Identity-Based Resources for Study Abroad: Religious and Spiritual Identity

China, summer 2016 | photo by Haleigh Leonard, ’17

Religion is an important part of many cultures around the world. During your study abroad experience, you will likely encounter a variety of religious practices and history. It’s important to be open-minded about the religions you encounter while abroad, and also to be informed about how your religious background may be viewed in your host country.

Monks performing a temple ceremony.

China, summer 2016 | photo by Haleigh Leonard, ’17

Students who are used to being in either the religious majority or minority at home may find that role reversed while abroad. Understanding levels of religious tolerance in your host country and how to worship safely abroad, if you wish to do so, will be vital parts of your pre-departure preparation. In some countries, there may be cultural or political contexts that impact some religious practices.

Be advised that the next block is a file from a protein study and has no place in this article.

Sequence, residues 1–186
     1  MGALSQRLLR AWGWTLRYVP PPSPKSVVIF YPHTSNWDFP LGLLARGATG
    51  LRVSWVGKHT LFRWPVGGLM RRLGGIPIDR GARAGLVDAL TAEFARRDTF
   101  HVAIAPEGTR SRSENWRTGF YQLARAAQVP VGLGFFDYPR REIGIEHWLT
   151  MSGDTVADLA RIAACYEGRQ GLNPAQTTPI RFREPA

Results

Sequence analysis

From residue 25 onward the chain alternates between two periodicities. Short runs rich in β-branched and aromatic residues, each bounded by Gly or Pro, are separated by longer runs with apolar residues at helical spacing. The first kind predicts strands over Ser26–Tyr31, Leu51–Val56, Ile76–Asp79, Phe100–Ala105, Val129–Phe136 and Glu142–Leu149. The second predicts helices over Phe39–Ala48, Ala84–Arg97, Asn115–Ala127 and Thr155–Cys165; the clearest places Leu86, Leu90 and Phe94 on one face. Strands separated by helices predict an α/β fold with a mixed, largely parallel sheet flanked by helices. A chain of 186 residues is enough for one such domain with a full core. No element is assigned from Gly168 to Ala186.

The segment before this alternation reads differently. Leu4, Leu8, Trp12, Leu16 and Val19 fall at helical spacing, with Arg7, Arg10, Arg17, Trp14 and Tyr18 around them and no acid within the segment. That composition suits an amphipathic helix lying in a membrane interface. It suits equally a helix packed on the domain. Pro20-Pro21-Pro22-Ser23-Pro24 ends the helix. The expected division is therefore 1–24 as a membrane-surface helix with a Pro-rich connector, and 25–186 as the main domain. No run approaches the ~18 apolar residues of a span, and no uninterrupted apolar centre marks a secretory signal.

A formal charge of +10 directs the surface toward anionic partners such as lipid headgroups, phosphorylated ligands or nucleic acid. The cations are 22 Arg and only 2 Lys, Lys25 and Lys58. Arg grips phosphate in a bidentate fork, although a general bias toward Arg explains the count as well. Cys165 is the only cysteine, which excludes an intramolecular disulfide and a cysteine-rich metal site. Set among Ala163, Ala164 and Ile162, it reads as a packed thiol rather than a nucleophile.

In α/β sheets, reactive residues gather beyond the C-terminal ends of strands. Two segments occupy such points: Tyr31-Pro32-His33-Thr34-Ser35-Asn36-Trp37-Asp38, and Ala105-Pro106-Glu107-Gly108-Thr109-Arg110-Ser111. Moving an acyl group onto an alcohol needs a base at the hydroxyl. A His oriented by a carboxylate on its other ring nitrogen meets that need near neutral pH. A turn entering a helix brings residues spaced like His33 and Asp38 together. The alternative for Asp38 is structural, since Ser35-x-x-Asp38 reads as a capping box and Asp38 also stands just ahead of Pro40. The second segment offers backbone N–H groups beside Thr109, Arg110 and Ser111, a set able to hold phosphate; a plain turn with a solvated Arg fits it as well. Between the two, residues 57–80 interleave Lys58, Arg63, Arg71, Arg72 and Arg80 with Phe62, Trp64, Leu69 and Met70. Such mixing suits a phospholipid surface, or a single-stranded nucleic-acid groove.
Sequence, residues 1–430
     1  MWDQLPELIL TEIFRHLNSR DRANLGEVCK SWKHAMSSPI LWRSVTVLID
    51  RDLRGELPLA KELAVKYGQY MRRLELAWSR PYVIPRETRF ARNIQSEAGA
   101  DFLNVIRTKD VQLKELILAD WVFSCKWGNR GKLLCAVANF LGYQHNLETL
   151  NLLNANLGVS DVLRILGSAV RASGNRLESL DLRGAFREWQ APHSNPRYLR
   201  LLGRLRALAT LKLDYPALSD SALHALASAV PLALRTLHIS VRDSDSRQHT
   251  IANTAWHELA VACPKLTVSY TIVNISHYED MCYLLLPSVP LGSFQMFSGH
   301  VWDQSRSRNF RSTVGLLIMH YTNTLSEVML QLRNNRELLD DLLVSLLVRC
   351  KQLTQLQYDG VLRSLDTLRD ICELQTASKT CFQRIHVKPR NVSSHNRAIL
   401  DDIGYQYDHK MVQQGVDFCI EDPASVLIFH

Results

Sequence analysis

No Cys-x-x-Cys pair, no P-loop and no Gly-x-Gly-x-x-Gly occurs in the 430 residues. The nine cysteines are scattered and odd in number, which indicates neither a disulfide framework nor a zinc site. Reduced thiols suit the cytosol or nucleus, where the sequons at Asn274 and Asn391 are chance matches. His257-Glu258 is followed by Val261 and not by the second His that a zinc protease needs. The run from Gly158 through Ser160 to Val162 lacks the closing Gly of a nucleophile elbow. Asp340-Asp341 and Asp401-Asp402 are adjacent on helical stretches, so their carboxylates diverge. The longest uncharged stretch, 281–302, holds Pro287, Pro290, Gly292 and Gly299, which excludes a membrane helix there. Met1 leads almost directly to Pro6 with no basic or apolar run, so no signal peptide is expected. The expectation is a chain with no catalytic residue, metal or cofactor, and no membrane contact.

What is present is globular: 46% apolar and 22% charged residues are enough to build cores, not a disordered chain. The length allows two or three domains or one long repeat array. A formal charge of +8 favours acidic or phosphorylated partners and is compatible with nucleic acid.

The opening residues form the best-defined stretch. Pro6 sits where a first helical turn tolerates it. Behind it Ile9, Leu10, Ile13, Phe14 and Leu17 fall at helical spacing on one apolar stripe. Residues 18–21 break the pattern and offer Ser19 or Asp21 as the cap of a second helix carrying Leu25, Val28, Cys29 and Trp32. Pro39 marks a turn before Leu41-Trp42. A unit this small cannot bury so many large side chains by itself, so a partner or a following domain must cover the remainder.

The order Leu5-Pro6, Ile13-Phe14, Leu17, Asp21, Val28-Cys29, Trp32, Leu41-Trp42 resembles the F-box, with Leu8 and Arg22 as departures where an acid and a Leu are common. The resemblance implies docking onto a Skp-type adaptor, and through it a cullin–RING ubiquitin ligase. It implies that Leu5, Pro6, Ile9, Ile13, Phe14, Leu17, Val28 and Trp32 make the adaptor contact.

If you have religion-based dietary restrictions, communicate this to the OIP in your post-acceptance forms and mention it to your program faculty or study abroad provider to ensure your dietary needs are met.

If you are not religious or if you will find yourself in the religious minority while abroad, be sure to keep an open mind when exploring the intersections of your host country’s cultural and religious history. In many cases, art and politics were interwoven with religious practices in the past and you may learn about this in your courses while abroad. There may also be standards of dress required when visiting religious sites on group excursions such as cathedrals or temples.

Questions to Consider

  • What is the dominant religion in my host country? 
  • Will I be part of the religious majority or minority abroad? 
  • Are there any laws regarding religion in my host country? Is there a separation between religion and government?
  • How tolerant is my host country of other religions? What about atheists and agnostics? 
  • Is it safe for me to wear religious symbols or clothing and/or worship while abroad? 
  • How can I respect the religion in my host country and participate in cultural events, even if I don’t practice that religion?